It looks like the country of Germany has taken a huge step forward – with their gargantuan nuclear fusion machine producing its first ever hydrogen plasma. Having turned on the Wendelstein 7-X (W7X) stellarator, which so happens to be the biggest nuclear fusion machine at the moment in the country, it managed to produce as well as to sustain hydrogen plasma in its maiden attempt. The big deal about this development is because producing hydrogen plasma is the main factor in taking advantage of the limitless energy of nuclear fusion in a clean manner.
In other words, it is somewhat similar to the process that our Sun falls back on to provide heat and light to our solar system. Should controlled nuclear fusion be achieved, this is a world changer, since it would mean goodbye to fossil fuels as well as nuclear fission facilities, as it delivers a far more affordable, efficient as well as greener source of energy.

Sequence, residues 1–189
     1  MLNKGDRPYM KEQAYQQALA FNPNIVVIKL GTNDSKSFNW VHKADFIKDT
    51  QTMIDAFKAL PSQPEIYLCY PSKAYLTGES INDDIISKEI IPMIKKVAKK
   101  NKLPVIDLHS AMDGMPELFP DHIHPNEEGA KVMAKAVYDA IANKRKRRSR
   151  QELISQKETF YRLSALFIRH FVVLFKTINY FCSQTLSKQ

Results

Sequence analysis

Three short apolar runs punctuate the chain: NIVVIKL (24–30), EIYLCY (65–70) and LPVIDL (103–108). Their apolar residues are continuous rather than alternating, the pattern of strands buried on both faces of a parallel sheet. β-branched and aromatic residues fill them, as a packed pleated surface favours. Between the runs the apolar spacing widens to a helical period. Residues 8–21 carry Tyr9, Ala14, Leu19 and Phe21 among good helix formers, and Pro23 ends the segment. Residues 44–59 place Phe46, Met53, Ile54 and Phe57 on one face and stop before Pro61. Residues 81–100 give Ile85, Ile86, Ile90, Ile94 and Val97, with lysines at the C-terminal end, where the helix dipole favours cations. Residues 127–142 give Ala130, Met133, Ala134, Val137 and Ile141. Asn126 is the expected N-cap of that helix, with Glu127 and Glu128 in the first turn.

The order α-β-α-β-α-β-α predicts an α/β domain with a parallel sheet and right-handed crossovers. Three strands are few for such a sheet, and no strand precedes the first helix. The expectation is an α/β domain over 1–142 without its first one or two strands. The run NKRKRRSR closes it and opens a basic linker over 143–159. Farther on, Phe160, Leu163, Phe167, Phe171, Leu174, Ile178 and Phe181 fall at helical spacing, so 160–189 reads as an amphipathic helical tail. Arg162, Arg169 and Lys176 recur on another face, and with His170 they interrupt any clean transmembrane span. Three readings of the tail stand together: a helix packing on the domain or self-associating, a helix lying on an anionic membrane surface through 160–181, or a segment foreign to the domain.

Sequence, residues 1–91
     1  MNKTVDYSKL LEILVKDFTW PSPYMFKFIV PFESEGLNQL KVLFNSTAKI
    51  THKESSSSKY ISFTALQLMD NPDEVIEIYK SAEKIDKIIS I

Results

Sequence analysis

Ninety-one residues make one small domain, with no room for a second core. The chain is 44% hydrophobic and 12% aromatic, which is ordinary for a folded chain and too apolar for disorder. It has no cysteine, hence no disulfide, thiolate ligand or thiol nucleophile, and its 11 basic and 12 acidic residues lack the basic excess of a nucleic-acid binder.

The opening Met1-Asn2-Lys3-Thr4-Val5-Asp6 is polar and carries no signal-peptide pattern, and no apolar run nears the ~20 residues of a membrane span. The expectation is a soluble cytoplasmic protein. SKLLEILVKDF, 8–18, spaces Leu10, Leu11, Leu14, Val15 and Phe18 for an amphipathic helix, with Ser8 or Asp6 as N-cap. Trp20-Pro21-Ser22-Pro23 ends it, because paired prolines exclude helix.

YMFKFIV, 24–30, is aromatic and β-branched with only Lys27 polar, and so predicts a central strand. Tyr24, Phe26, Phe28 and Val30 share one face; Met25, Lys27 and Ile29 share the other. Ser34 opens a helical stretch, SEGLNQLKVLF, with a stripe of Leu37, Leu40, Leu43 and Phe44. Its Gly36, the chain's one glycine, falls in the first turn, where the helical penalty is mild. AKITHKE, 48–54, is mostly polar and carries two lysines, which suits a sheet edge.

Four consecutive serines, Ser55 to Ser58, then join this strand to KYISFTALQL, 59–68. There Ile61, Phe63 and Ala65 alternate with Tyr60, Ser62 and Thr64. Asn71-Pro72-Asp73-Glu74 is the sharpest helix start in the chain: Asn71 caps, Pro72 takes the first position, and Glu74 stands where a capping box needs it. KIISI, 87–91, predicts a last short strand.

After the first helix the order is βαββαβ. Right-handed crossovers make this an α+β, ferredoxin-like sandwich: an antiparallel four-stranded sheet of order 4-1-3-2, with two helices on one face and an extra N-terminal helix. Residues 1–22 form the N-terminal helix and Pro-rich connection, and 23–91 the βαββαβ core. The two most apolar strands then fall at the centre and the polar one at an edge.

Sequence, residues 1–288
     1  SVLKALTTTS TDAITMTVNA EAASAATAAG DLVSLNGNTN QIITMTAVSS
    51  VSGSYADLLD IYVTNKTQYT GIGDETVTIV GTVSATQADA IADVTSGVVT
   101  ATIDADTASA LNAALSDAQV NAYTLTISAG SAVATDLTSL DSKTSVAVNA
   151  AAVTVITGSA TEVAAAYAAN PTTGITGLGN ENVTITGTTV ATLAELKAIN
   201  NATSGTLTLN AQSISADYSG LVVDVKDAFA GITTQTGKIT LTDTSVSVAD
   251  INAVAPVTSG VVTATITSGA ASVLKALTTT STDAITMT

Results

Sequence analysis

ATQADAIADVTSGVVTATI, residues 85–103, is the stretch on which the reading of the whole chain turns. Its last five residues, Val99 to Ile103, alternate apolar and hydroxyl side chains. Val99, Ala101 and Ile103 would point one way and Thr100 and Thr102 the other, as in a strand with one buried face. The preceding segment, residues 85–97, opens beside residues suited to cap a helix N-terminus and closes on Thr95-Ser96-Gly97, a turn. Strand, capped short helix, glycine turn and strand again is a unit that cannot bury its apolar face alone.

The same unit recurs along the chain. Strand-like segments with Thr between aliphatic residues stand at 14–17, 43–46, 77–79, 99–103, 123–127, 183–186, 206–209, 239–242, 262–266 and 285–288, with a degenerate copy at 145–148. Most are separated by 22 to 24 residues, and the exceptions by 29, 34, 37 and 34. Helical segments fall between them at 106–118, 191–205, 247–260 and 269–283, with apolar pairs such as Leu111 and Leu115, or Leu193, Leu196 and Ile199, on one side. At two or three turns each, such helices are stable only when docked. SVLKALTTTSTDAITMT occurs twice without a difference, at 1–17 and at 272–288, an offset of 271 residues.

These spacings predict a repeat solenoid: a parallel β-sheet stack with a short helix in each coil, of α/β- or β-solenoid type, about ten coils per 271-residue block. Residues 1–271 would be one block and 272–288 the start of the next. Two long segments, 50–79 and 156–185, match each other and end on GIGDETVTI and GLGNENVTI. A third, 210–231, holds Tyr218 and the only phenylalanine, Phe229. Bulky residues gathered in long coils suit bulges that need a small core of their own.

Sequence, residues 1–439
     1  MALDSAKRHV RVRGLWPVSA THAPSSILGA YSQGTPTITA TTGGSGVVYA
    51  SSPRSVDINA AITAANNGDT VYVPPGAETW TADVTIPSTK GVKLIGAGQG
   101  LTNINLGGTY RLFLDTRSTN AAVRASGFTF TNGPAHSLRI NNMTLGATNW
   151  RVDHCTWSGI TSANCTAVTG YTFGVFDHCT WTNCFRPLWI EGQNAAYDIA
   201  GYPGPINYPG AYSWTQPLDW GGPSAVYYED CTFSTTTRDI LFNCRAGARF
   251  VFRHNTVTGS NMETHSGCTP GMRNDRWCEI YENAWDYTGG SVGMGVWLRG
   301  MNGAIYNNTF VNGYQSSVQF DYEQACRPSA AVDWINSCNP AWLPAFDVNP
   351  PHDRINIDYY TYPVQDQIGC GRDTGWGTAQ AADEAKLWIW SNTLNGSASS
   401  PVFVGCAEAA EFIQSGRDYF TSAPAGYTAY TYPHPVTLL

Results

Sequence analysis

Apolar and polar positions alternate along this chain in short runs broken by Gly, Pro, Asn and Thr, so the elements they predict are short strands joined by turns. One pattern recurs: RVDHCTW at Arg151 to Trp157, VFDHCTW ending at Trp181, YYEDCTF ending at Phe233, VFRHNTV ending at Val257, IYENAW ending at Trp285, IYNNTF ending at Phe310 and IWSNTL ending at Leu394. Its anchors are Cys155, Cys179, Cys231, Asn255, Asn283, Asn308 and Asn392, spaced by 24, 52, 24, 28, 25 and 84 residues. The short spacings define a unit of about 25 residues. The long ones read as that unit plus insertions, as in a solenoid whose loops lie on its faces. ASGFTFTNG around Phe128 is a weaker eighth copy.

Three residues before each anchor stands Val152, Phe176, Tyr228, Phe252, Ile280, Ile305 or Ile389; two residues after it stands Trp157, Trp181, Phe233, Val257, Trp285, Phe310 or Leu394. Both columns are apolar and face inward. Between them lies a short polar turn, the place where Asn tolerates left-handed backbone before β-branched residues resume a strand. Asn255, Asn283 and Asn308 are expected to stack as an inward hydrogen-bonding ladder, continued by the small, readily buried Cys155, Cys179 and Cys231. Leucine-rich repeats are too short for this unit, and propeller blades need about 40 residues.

Physicist John Jelonnek from the Karlsruhe Institute of Technology, shared, “It’s a very clean source of power, the cleanest you could possibly wish for. We’re not doing this for us, but for our children and grandchildren.” Unlike the nuclear fission that requires the careful management of dangerous radioactive waste, nuclear fusion has no radioactive waste or other kinds of unwanted byproducts. Of course, many obstacles are still in the way where controlled nuclear fusion are concerned, including managing a machine that can produce as well as manipulate a 100-million-degree-Celsius (180 million degrees Fahrenheit) ball of plasma gas.